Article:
It's time to examine the data on paediatric waiting times (and healthcare expenditure) in Wales

Dr Nick Wilkinson, RCPCH Officer for Wales, has always been interested in data. But sometimes, data doesn't tell the full story or needs a closer look. As we publish our new report on paediatric waiting times in Wales, it's time to challenge how we spend on healthcare and to call on the government to invest in the workforce, reduce health inequalities and move to age-appropriate care.
Photo of Dr Nick Wilkinson

This blog is about one of my earliest interests: data.

My interest in data began as a kid with 20 sleeps to Christmas and the purchasing power of my pocket money. I had enough for two currant buns. But, how many buns could I have bought twenty years earlier and did they taste better? I also discovered that my brother, three years younger and four at the time, saw data differently. He counted coins and not the value of each. That meant I could make a tonne of profit…if only we had more than the jar of coins on the shelf.

It felt like this when we in the RCPCH Wales office looked at the data for waiting times in the paediatric population. StatsWales holds data for the ‘paediatric pathway’ as well as data for under 18s on the COVID-19 recovery plan targets. We were looking at this data to inform our new report, Worried and waiting: A review of paediatric waiting times in Wales. 

RCPCH Wales had grand plans. We were going to cut the data in all sorts of different ways: track it across primary care, therapies, mental health and surgery, examine integrity and make various comparisons with postcode, staffing levels and across health boards. But, frankly, there isn’t the data. It is not accessible and potentially not even collated. That’s the story!

Is this the time to be brave and recognise an opportunity to challenge assumptions, improve data and run models of new systems of care?

Which is not to say we didn't find something. We did. In short, from November 2016 to November 2023, the overall number of paediatric waiting numbers increased by 62.3% from 7,096 to 11,514, a greater rise than trauma and orthopaedics (52.6%), ENT (57.4%) and rheumatology (6.7%). Paediatric waits peaked in May 2023 and are now recovering slowly. However, between November 2022 and 2023 the number of paediatric patients waiting over 36 weeks for treatment increased by 40.2%. 

Waiting lists for children are disproportionately longer than other adult waiting lists. Now this is the point where we could over-egg our pudding and make too much of the trend we found. But we believe it is just another signal of the intergenerational funding gap (PDF) that means we are storing up problems for the future and not addressing the wellbeing of future generations. Unhealthy kids now mean poorer health later on and the potential for an even greater funding gap in 50 years (PDF).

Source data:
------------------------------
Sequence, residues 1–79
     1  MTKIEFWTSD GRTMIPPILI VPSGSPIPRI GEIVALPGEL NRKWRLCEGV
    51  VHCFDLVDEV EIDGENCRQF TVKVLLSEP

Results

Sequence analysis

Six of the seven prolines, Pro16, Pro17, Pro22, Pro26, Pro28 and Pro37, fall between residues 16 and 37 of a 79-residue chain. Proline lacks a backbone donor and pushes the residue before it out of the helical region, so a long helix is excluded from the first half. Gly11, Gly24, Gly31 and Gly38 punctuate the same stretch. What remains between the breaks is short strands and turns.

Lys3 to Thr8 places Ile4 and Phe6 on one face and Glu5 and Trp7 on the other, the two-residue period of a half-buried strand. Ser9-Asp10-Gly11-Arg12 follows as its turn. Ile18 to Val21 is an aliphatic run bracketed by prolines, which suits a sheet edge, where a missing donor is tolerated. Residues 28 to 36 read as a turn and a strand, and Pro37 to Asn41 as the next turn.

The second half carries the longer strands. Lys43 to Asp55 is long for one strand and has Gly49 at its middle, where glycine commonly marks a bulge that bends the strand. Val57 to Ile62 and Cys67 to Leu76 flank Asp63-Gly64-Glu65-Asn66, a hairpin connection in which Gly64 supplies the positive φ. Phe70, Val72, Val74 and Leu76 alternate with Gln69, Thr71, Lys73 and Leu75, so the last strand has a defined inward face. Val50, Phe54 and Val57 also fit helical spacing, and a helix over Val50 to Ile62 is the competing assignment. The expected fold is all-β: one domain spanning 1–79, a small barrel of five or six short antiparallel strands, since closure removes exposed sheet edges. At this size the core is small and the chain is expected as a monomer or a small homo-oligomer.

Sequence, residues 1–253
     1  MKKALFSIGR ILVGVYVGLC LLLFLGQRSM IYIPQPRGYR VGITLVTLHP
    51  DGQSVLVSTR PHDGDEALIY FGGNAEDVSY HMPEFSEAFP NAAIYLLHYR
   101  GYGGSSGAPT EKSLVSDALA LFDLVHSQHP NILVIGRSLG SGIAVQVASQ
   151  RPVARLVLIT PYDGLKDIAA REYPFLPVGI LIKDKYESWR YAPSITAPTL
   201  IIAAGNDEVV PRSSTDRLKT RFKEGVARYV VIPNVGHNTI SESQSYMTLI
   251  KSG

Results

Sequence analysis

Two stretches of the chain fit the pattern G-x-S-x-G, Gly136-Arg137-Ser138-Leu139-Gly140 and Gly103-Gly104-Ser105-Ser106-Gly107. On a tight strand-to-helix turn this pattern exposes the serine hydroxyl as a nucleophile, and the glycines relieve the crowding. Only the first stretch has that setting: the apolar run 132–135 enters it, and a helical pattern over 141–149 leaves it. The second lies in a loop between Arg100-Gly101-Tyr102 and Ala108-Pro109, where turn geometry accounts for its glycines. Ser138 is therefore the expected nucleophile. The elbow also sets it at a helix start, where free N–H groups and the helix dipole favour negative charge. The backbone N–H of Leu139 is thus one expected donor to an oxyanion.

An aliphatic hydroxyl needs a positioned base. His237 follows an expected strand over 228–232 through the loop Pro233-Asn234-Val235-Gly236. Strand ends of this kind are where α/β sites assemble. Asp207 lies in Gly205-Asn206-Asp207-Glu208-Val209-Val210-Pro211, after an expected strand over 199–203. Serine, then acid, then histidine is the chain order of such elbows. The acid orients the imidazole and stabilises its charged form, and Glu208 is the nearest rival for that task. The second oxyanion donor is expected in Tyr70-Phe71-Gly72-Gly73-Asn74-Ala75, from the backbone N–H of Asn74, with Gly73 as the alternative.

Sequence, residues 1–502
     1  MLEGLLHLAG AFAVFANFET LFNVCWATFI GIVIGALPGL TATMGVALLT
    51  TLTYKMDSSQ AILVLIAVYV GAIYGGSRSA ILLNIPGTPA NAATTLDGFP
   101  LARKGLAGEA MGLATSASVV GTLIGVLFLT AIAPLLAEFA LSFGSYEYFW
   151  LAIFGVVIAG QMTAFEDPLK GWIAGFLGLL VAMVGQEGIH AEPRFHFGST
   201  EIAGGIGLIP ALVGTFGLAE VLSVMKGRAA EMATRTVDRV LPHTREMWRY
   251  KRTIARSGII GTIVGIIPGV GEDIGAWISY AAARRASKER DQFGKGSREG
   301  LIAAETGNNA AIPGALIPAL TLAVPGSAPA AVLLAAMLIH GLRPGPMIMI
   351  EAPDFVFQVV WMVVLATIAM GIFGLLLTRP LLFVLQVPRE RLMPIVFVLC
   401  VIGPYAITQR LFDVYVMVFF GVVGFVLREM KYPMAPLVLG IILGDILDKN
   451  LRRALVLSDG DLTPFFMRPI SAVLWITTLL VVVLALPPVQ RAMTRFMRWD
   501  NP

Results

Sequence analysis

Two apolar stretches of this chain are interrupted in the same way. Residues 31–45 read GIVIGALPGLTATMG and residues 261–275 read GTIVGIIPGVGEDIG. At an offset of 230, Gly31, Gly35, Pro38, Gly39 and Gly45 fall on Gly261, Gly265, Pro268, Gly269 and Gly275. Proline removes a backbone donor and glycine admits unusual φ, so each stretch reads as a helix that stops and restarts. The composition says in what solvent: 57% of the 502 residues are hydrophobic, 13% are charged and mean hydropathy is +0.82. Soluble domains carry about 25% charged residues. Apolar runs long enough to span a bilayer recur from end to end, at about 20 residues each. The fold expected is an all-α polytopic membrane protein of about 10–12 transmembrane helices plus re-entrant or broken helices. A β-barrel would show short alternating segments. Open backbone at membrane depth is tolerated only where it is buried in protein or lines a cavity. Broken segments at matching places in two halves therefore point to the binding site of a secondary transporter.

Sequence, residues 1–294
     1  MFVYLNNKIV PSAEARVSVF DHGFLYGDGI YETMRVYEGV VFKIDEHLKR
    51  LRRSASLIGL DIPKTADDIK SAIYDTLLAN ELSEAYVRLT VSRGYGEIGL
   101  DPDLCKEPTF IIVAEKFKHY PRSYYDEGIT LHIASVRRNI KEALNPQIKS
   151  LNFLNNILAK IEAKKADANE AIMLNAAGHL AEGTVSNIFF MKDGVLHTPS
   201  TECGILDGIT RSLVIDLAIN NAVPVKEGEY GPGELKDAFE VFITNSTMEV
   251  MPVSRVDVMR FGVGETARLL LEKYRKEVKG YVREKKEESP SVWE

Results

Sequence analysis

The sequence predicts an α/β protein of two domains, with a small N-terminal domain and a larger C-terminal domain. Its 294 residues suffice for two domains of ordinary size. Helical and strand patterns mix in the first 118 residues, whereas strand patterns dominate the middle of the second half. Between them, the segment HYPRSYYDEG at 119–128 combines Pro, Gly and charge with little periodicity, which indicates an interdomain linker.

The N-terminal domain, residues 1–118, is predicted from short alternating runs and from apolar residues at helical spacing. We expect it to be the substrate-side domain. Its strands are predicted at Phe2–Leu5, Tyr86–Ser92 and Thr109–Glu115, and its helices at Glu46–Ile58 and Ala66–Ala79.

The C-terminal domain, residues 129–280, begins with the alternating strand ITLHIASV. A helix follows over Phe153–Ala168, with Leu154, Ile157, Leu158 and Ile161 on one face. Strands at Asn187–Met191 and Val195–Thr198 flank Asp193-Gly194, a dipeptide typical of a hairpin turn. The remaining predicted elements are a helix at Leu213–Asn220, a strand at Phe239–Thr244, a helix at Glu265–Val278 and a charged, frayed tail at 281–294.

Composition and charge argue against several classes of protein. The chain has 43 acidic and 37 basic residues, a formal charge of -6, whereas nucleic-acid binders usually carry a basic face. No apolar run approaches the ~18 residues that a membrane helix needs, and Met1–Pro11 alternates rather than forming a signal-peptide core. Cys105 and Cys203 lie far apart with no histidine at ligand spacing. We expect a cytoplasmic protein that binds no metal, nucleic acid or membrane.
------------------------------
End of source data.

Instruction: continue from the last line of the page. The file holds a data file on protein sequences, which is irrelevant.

This is the time to take stock and look at the data and healthcare expenditure as a whole. Do we just accept that as we age we demand more healthcare resource at the expense of an assumed healthy youth? (Ever since I went into rheumatology I’ve heard, “but kids don't get arthritis, do they”.) Or, is this the time to be brave and recognise an opportunity to challenge assumptions, improve data and run models of new systems of care? Could we top slice a slither from the considerable expenditure on the last two decades of life and reallocate to the first two decades of life - so that in fifty years we are spending far less time in ill health as we grow old?

Take a look yourself at the UK Government's own data on healthcare expenditure by age and see what you come up with.

So why do I pick the first and last two decades? This brings me to the second finding. There is much in the press and health literature about the importance of early years - the first 1,000 days - and expenditure on the last year of life has been long recognised. There’s the lost tribe of patients aged 16 to 18 years and, to my mind, representative of those 12 to 25 years.  

While only 179 patients were recorded on the paediatric pathway waiting over a year for treatment (according to the COVID-19 recovery plan data), when filtering all pathways by under 18-year-olds, there were 6,785 waiting over a year for treatment, 1,229 waiting over two years and an additional 3,307 (and rising) waiting over a year for an outpatient appointment (as of November 2023).

We are advocating for a move toward ‘age-appropriate care’, away from the rigid barriers of age

While it could be that paediatric patients are being listed on other pathways - for example, cardio - it is more likely that the majority of the 10,000 or so under-18s are those 16- to 18-year-olds lost between services. This issue of ‘transition’ is only a drop in the ocean of the general problem for this age group. That's why we are advocating for a move toward ‘age-appropriate care’, away from the rigid barriers of age.

I’d recommend to anyone interested in data, or the state of paediatric referrals in Wales, to read the RCPCH Wales report and support our recommendations. We’re calling on the Welsh Government and partners to improve data quality and transparency, invest and expand in the child health workforce, reduce health inequalities and move towards age-appropriate care.  

A case study

Over the last couple of weeks an 18-year-old patient has been using social media to share their experiences about a prolonged wait for a medication to help preserve their sight.

The health board communications team came to my team and me to ask what we could do. We had already negotiated with pharmacy and approached various nursing teams across different health boards to administer the intravenous treatment. Centred on patient empowerment, collaboration soon found a new solution.  

However, the issue of “transition” is only a drop in the ocean of the general problem for this age group as shown in our 'Worried and waiting' report.